MC: At the time it wasn’t envisaged as a book. Jann wanted me to put a 20-page supplement together for Rolling Stone—a loose history of a few thoughts about the ’60s, about the music scene and the politics. And as I started to go and round up artists, I started realizing that there was a possibility of a book here. Jann did get interested in that for his book publishing company Straight Arrow, but eventually, he decided to back out of both the supplement and the book. I was left holding the bag with a lot of promises to a lot of artists, and that’s when I decided to carry on no matter what and find a publisher somehow.
MJ: Do you think you and Wenner were envisioning the same project?
MC: Yeah, I think so, at the beginning. Certainly I started to be more interested in European things, so we probably had a slightly different vision of it. I don’t think it was by any means one that we couldn’t have come to terms with in the selection process. I never quite knew why he backed out: financial concerns, who knows? We parted amicably and he relinquished all the rights and I just carried on by myself.
MJ: Talk to us about how the project developed, and please don’t skimp on the celebrity name-dropping: I mean, Jean-Paul Sartre, Joni Mitchell, Abbie Hoffman, Charlie Watts, Norman Mailer…
MC: Only like 15 percent or 20 percent of all those people I went to see delivered in the end. But I did go and see a lot of people—all the people who were doing North American traditional comics and all the underground people and then many people who don’t normally do comics, like Joni Mitchell and Frank Zappa. Or people who’d done them at one point in their lives, like Federico Fellini. Some of them said yes and didn’t deliver, and some of them said yes and did. Most of them said, “Well let me think about it.” In the book’s preface I run a little timeline which mentions all the people that I did write to or actually get to see, with the ones who were actually in the book in boldface.
MJ: Who’s the person you most regret not being able to get?
MC: I don’t have one person, but it would’ve been kind of nice to get Dalí to do something. I even proposed to him that he do a blank page. And then he said, “Yeah, that’s a good idea,” and then a few minutes later, he told his wife that we’d had this idea, and later he told this other guy who was with us in Spain that it was his idea. But that didn’t bother me. If he’d done that and signed it, I suppose I would’ve run it. Then he wanted to do a poster for the book. He asked me if I was rich because he told me he wasn’t very interested in the poor, and I said, no I wasn’t rich. And he asked me if my publishers were, and I said, well, they might be able to do something like a poster if you wanted. I always hoped, and perhaps this is why I wish I had Dalí in the book, I always hoped I could’ve come back to Dalí and—let’s say Dalí wanted $25,000 to do the poster—I could’ve said, “Well, here’s 12,500 bucks. Do half a poster.” But I never had that opportunity! I enjoyed very much meeting him, and I definitely had fun sitting with him around his penis-shaped pool.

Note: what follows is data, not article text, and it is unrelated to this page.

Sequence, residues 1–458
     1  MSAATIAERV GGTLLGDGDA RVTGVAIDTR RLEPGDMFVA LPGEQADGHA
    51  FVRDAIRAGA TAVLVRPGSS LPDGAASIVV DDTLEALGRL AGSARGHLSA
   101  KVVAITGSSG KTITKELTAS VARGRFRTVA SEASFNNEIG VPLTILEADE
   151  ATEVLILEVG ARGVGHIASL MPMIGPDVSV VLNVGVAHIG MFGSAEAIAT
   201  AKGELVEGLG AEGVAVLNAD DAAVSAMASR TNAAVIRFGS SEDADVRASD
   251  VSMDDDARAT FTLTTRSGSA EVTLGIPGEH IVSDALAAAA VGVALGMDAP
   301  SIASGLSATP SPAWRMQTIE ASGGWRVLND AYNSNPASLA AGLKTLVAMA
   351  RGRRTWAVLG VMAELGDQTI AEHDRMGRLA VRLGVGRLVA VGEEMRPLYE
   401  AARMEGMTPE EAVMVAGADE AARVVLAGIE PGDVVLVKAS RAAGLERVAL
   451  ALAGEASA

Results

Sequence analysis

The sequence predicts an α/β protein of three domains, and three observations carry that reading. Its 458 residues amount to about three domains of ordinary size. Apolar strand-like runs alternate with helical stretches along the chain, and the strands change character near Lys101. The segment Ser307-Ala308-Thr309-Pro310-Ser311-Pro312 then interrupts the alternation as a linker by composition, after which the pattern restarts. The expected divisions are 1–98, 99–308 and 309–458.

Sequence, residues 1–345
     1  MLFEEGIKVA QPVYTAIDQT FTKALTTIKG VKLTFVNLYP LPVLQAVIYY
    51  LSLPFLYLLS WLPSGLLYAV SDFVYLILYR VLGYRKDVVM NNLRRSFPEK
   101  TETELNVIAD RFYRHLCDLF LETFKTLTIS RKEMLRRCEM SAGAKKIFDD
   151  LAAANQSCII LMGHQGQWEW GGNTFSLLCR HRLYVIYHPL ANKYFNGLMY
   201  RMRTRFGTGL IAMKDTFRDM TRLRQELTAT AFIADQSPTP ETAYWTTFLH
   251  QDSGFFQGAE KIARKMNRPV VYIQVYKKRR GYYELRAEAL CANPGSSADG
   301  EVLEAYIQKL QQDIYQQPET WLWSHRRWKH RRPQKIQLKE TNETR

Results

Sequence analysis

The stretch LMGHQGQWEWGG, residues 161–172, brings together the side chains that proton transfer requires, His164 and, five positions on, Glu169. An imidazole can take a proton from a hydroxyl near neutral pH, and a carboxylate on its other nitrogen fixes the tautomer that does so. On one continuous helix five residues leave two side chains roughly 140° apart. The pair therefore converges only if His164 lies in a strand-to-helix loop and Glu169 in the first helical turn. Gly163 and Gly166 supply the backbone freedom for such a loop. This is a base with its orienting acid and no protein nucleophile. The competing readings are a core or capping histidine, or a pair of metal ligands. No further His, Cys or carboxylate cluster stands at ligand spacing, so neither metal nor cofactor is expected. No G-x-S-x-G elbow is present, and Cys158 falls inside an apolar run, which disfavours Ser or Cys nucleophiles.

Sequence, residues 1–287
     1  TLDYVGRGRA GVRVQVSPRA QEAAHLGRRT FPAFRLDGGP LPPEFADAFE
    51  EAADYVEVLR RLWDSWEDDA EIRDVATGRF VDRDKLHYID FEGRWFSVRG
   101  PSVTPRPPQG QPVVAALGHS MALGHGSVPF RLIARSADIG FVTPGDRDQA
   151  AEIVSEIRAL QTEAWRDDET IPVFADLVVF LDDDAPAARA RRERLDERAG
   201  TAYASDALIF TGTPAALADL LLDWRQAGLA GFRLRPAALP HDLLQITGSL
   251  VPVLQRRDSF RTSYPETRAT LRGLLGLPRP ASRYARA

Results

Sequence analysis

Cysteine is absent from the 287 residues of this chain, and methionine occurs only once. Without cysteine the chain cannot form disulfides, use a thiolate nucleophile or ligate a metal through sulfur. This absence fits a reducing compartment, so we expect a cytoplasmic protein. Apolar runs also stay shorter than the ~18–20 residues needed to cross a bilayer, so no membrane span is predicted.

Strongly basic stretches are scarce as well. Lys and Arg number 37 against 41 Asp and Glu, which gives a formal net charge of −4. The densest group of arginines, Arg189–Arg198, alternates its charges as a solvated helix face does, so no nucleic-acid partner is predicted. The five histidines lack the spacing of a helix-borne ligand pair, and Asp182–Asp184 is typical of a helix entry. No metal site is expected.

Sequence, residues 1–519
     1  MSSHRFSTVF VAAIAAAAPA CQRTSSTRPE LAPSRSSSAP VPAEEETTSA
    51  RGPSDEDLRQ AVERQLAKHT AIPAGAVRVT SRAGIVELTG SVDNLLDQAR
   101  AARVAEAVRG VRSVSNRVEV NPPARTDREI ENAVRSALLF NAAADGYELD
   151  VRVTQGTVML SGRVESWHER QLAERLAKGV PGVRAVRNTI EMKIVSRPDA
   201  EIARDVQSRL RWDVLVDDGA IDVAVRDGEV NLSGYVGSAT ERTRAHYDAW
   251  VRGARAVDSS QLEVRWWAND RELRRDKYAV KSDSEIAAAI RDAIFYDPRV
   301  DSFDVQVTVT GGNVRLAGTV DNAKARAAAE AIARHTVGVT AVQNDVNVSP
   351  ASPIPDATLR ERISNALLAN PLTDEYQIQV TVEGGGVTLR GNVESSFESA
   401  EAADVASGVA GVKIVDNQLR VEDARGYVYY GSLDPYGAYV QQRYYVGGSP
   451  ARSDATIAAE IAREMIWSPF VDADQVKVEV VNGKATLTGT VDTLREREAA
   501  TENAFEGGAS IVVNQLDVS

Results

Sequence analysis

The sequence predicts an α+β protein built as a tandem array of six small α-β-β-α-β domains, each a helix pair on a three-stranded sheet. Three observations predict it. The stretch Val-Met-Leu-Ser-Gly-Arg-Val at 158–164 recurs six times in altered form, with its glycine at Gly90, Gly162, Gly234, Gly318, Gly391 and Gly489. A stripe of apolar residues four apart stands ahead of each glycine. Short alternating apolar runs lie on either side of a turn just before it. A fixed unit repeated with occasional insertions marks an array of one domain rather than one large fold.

MJ: After Wenner dropped out, how did you go about this?
MC: I went to see a lot of publishers in New York. Harper and Row is the one who bit, in the fall of 1972. I think I was actually only two months without a publisher. And Cass Canfield Jr., who was running the editorial department at Harper and Row, was very keen on the book and that gave it a new impetus and enough of an advance so I could go back to Europe and collect the work from the people who’d promised it to me, find new people, and also travel around the States. I produced a dummy of the book, and Cass was very happy with the dummy, but his marketing people in the end backed out. They just couldn’t quite understand what to do with book and how to market it. There was such an eclectic combination. It wasn’t really like Marvel Comics people, it wasn’t really like all underground—it was a mixture. So I was left with no publisher. After that I tried to raise private money to put out the book myself, and I came very close. But in the end, it didn’t happen. That took up another three or four years, making a total of about seven years I’d been working on the book. At which point I just had to move on and just put everything away safely and hope that something would happen someday.